The alleged triumph of painting

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The Independent Online

Charles Saatchi has brought us a new sensation. The godfather of modern British art has declared that formaldehyde sheep and unmade beds are passé. After years of neglect, "painting" is back in vogue. An exhibition called The Triumph of Painting, featuring the work of six artists, will open at Saatchi's County Hall Gallery tomorrow. Pieces by Tracey Emin and Damien Hirst, works that defined a generation in British art, are being sold off or put into storage. The Medici of modern art has spoken - or so we are asked to believe.

Charles Saatchi has brought us a new sensation. The godfather of modern British art has declared that formaldehyde sheep and unmade beds are passé. After years of neglect, "painting" is back in vogue. An exhibition called The Triumph of Painting, featuring the work of six artists, will open at Saatchi's County Hall Gallery tomorrow. Pieces by Tracey Emin and Damien Hirst, works that defined a generation in British art, are being sold off or put into storage. The Medici of modern art has spoken - or so we are asked to believe.

The truth is that painting never really lost any of its popularity, despite the ubiquity of sculpture and video installations in recent years. The enduring appeal of Lucian Freud, one of Britain's greatest living artists, is testament to that. So, too, is the popularity of the National Gallery's regular blockbuster exhibitions. Despite Mr Saatchi's formidable capacity to publicise his artists, we should be wary of accepting at face value the belief that this rather enigmatic figure somehow exerts control of the national taste in art.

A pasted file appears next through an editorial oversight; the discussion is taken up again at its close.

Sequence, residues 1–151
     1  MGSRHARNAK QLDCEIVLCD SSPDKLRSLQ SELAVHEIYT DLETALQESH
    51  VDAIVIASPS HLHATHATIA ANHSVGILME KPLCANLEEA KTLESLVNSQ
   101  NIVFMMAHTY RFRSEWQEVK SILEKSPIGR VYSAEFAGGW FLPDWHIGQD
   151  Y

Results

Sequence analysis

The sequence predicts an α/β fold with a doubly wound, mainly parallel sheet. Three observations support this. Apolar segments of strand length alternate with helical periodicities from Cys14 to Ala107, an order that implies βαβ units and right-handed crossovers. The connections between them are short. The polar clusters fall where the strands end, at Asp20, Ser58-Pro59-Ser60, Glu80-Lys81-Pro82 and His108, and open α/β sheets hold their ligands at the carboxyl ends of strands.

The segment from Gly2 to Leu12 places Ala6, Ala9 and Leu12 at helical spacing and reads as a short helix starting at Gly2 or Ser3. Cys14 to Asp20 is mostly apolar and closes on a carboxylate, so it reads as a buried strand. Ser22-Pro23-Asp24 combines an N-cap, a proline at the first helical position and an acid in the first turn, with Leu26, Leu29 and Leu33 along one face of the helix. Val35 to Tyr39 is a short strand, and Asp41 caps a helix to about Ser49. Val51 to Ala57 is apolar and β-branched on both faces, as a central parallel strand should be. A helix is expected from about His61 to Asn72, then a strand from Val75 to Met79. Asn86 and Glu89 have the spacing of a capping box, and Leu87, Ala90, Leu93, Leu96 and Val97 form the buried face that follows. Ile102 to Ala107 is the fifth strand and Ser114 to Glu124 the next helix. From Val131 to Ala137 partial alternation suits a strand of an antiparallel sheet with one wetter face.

But Mr Saatchi's influence should not be underestimated. As a result of his change of direction, British painters may find that dealers are more inclined to look favourably on their work in the wake of this new exhibition.

There are some in the art world who claim that Mr Saatchi is an entirely destructive force. They point to his tendency to collect an artist's work over many years and then sell it on, ruthlessly, in bulk and at inflated prices. This can have a damaging effect on an artist's career. Indeed, Mr Saatchi has been accused, more than once, of operating rather like one of Mr Hirst's famous sharks.

Yet to argue that Mr Saatchi has been a wholly malign influence on British art is unfair. He has bought and exhibited the work of British artists for more than 15 years, taking a keen interest in their development - and several are now figures of international importance. He deserves credit also for stimulating the public's interest in modern art and crafts, which has burgeoned since the early 1990s. That, in time, may well be recognised as the true "sensation" in the history of modern British art.

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